Transportation headlines, Wednesday, Oct. 24

Here is a look at some of the transportation headlines gathered by us and the Metro Library. The full list of headlines is posted on the Library’s Headlines blog, which you can also access via email subscription or RSS feed.

ART OF TRANSIT: The tail end of a Metro Gold Line train on the bridge crossing the Pasadena Freeway and the Arroyo Seco on Tuesday evening. Photo by Steve Hymon/Metro.

Climate of Doubt (Frontline PBS)

Curious why climate change has been almost completely absent from this year’s presidential race? This excellent report from Frontline looks at the groups that have spent considerable sums of money and effort to raise doubts about the science behind global warming — and to instill fear in legislators, even Republicans, who dare to believe the Earth may be warming. If you have 53 minutes, I strongly urge you to watch this program. And I’ll include my usual notation that taking transit is a good way to lower your carbon footprint.

Developer in Gold Line dispute releases letter (Monrovia Patch)

The developer has sued the city of Monrovia, alleging that land near the future Monrovia Station for the Gold Line Foothill Extension that was entitled for a large residential development project will instead be used as a parking structure for the station. I certainly don’t know the details on the dispute; I do know the area and hope that the future station has both adequate parking and needed development.

Work begins on L.A.’s tallest tower (Curbed L.A.)

Demolition of the Wilshire Grand is underway to clear the way for a 70-story office and hotel at Wilshire and Figueroa, a transit adjacent site, thank you. The new building will be the second-tallest in downtown Los Angeles — U.S. Bank Building still will hold top honors — and will include high-speed elevators to whisk visitors to a hotel lobby in the sky near the top of the building. Interesting. In related news, Curbed L.A. has the news of new renderings of the proposed office and hotel towers that would be on either side of the Capitol Records building, near the Red Line’s Hollywood/Vine station. The development is controversial but would certainly help with Hollywood’s revival — something I think is far from complete.

SFMTA combines contracts for Central Subway project (San Francisco Examiner)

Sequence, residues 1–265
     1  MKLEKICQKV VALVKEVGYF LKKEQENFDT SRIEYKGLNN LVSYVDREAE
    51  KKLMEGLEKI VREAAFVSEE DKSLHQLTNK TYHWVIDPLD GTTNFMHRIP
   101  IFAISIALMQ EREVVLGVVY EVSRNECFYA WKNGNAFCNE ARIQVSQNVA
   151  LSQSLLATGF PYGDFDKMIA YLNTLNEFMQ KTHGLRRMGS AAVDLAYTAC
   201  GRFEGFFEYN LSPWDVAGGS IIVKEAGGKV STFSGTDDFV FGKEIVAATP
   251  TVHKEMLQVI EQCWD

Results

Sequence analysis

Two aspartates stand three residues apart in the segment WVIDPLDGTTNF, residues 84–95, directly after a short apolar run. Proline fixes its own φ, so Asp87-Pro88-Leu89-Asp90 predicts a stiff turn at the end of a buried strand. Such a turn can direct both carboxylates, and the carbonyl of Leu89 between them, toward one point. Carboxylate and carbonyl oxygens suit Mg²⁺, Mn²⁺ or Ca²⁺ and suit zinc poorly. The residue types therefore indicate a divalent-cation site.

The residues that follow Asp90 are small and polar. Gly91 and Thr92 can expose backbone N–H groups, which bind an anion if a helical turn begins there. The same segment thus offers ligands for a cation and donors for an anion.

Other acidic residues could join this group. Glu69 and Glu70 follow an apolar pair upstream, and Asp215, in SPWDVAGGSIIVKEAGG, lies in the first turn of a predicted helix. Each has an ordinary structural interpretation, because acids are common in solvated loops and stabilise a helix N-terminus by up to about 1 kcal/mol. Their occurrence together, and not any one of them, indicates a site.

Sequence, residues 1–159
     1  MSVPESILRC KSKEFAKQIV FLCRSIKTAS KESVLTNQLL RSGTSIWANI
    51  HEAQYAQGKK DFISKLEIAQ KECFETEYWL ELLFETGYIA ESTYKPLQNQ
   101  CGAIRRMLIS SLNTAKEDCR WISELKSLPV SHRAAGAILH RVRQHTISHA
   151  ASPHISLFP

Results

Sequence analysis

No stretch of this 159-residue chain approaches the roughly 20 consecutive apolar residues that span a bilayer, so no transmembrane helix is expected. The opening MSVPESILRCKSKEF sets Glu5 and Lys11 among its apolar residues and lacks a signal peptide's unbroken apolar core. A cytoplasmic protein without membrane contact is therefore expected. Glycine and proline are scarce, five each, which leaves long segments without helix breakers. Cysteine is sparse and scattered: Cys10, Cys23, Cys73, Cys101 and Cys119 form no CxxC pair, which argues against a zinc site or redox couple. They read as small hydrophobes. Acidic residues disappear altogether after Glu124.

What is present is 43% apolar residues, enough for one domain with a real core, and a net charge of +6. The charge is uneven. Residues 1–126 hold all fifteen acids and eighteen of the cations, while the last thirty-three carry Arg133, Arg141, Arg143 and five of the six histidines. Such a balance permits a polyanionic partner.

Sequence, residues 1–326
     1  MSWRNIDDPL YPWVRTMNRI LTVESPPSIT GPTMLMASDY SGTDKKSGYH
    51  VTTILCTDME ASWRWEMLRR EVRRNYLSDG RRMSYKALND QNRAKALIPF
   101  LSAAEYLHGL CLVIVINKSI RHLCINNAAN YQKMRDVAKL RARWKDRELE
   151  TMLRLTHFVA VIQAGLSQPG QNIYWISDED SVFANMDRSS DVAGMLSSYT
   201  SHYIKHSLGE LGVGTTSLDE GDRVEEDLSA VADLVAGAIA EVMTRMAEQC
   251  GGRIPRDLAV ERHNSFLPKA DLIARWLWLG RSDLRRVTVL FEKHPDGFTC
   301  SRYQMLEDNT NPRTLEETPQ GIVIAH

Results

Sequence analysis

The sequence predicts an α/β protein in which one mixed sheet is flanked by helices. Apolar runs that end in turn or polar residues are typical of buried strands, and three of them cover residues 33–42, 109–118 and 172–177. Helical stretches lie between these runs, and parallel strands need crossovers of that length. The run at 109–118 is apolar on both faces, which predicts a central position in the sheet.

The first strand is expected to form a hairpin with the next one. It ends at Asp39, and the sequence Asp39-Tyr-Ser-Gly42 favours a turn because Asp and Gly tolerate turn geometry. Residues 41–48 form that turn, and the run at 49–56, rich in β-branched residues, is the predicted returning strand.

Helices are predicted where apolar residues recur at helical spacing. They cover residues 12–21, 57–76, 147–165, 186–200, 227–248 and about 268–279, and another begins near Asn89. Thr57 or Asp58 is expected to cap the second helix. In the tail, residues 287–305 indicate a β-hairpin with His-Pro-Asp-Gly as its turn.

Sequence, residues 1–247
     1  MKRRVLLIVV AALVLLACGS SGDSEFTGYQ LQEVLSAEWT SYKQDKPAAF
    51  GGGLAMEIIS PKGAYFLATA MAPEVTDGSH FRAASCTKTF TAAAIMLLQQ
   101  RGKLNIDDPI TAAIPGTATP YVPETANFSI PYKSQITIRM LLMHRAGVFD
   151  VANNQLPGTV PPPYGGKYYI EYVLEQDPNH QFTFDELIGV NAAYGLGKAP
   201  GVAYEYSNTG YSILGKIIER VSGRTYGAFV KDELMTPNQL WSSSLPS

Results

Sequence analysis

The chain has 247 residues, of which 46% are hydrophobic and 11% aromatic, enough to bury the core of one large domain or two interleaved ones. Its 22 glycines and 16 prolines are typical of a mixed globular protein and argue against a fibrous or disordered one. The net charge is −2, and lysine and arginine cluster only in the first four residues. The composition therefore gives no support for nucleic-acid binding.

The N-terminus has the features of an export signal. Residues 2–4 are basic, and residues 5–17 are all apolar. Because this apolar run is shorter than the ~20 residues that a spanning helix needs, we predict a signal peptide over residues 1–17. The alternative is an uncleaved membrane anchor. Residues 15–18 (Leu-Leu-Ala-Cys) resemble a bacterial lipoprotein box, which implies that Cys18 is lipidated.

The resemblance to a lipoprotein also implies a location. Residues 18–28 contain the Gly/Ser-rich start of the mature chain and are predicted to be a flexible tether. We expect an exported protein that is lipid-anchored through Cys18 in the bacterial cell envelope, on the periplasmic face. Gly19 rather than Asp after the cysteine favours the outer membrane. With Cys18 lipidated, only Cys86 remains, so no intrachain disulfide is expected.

After originally proposing to put four bids out — one for each of the three stations and a fourth for operations system management — the MTA decided to combine the four contracts into one. There was some speculation that perhaps this was done after Tutor-Saliba received the highest score for one of the station contracts — the contractor and the city have had legal disputes in the past — but officials say the move was done to save $20- $30-million.

Beverly Hills Council votes ‘not to take position in support of Measure J’ (Beverly Hills Courier)

The top of the story:

After almost three hours of deliberation, the Beverly Hills City Council failed to take a formal position to back the Board of Education in its opposition of Measure J, voting 4-1 to “not take a position in support of Measure J” at its study session on Tuesday afternoon.

The vote on the symbolic resolution was 4 to 1, with Councilman John Mirisch opposing and saying “Not supporting something is not the same as opposing it.” The vote was hardly surprising; the city of Beverly Hills and the Beverly Hills Unified School District have sued Metro in an attempt to stop the Westside Subway Extension from tunneling part of the Beverly Hills High School campus.

Perhaps the most interesting part of the story is that it lacks the usual editorial comments inserted into the news by the Courier’s editors and/or publisher about the subway and positions that politicians should take. The Courier promises more coverage of the vote on the symbolic resolution in its print edition.

Another pro sports team gets transit-friendly (New York Times)

The New York Islanders are leaving their current arena on Long Island — the one surrounded by acres of parking lots and not terribly near transit — and moving to the new Barclay Arena in Brooklyn. That means the Islanders new home will be a stone’s throw from multiple subway lines connecting Brooklyn to Manhattan and Queens, as well as a Long Island Railroad hub. Sounds like a smart plan. Ebbetts Field, former home of the Brooklyn Dodgers, was located near the Prospect Park subway station. Meanwhile on the Left Coast, CBS Sports reports that the NFL wants a new stadium to be in Chavez Ravine and its acres and acres and acres of parking lots. It should be noted the CBS Sports story relied only on “league sources,” none of whom were named.

2 replies

  1. Climate change? Climate regularly changes in cycles. Actual ‘warming’ ended sixteen years ago.

  2. Tutor also helped dig the Red Line which was tied up in litigation for many years afterward. Tutor said they don’t care about lawsuit because governments have to take the lowest bidder. Looks like they found a way around that.